Joseph M. Acaba was selected by NASA in 2004. The California native has logged a total of 306 days in space on three missions. In 2009, Acaba flew aboard STS-119 on the Space Shuttle Discovery to the International Space Station to deliver the final pair of power-generating solar array wings and a truss element. During this mission, he conducted two spacewalks. In 2012, Acaba flew aboard a Soyuz spacecraft to the space station where he worked as Flight Engineer for the Expedition 31/32. During this mission, the first commercial resupply spacecraft, SpaceX Dragon, arrived at the station. Acaba most recently served as Flight Engineer on the International Space Station for Expedition 53/54.
Born in 1967 in Inglewood, California, and raised in Anaheim, California, where his parents, Ralph and Elsie, still reside. Enjoys outdoor activities, such as camping, hiking, biking, kayaking and scuba diving.
Esperanza High School, Anaheim, California, 1985; Bachelor of Science in Geology, University of California – Santa Barbara, 1990; Master of Science in Geology, University of Arizona, 1992; Master of Education, Curriculum and Instruction, Texas Tech University, 2015.
Acaba was a member of the United States Marine Corps, Reserves. He worked as a hydro-geologist in Los Angeles, California, primarily on Superfund sites, and was involved in the assessment and remediation of groundwater contaminants. He spent two years in the United States Peace Corps as an Environmental Education Awareness Promoter in the Dominican Republic. He was also the manager of the Caribbean Marine Research Center at Lee Stocking Island in the Exumas, Bahamas. Prior to arriving at NASA, he taught one year of high school science at Melbourne High School, Florida, and four years of middle school math and science at Dunnellon Middle School, Florida.
Selected as a mission specialist by NASA in May 2004. In February 2006, he completed astronaut candidate training that included scientific and technical briefings, intensive instruction in shuttle and International Space Station systems, physiological training, T-38 flight training and water and wilderness survival training. Upon completion of his training, Acaba was assigned to the Hardware Integration Team in the Space Station Branch, working technical issues with European Space Agency (ESA) hardware. He was also a member of the Space Shuttle Branch, supporting shuttle launch and landing preparations at the Kennedy Space Center, Florida. Acaba served as the Branch Chief of the International Space Station Operations branch, which is responsible for mission preparation and on-orbit support of space station crews. Most recently, Acaba served as Director of Operations Russia in Star City supporting crew training in Soyuz and Russian Segment systems.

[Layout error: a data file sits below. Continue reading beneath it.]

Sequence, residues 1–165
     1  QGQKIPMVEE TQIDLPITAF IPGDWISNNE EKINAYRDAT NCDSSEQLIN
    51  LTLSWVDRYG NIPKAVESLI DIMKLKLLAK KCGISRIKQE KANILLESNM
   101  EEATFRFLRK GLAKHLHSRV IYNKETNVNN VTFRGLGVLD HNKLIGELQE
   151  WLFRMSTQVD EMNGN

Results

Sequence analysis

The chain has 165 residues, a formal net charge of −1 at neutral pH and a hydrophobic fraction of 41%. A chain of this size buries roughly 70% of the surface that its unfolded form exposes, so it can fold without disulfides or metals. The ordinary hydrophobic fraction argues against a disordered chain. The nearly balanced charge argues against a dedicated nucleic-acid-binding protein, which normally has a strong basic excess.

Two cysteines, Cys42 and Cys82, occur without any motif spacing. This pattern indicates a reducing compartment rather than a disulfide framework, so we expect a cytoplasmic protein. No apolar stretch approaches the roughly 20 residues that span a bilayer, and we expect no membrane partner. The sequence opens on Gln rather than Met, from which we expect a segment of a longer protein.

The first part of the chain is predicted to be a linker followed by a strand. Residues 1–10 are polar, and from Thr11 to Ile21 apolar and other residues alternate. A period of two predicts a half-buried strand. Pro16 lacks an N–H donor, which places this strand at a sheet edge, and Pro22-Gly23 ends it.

STS-119 (March 15 to March 28, 2009). This was the 125th shuttle flight, the 36th flight of Discovery and the 28th shuttle flight to the International Space Station. The primary objective of this flight was to deliver the final pair of power-generating solar array wings and truss element to the International Space Station. Acaba accumulated 12 hours and 57 minutes of Extravehicular Activity (EVA) in two spacewalks. STS-119 returned to land at the Kennedy Space Center, having traveled 202 orbits and 5.3 million statute miles in 12 days, 19 hours and 29 minutes.
Expedition 31/32 (May 15 through September 17, 2012). Acaba launched on May 15, 2012, from the Baikonur Cosmodrome in Kazakhstan. Gennady Padalka and Sergei Revin of the Russian Federal Space Agency and Acaba landed their Soyuz TMA-04M spacecraft in Kazakhstan on September 17, 2012. Acaba spent 123 days aboard the station as a Flight Engineer of the Expedition 31 and 32 crews. Acaba supported the arrival of the first commercial resupply spacecraft, SpaceX’s Dragon, in late May; and was prime robotic arm operator for the capture and release of the third Japanese cargo ship, HTV3. Acaba served as intra-vehicular crew member and robotic arm operator for two U.S.-based spacewalks, helping to restore a critical power unit and exchange a faulty camera on the station’s robotic arm. Acaba also participated in numerous scientific research experiments and performed regular maintenance and operational tasks aboard the orbiting complex.
Expedition 53/54 (September 13 through February 28, 2018). The crew launched from the Baikonur Cosmodrome aboard the Soyuz spacecraft. Acaba, who served as Flight Engineer, was joined by Astronaut Mark Vande Hei and Russian Cosmonaut Alexander Misurkin of Roscosmos. During the mission the crew marked the beginning of the first long-term increase in crew size on the U.S. segment, enabling NASA to double the time dedicated to research and achieve a record-setting week of research that surpassed 100 hours. Highlights from this research include investigations into the manufacturing of fiber optic filaments in microgravity, improving the accuracy of an implantable glucoses biosensor, and measuring the Sun’s energy input to Earth. Acaba completed one spacewalk to lubricate an end effector and install new cameras on the station’s arm and truss.
Acaba has logged a total of 306 days in space on three flights.
National Science Teachers Association, Association of Space Explorers
Acaba, Joseph M. (PDF 238 KB)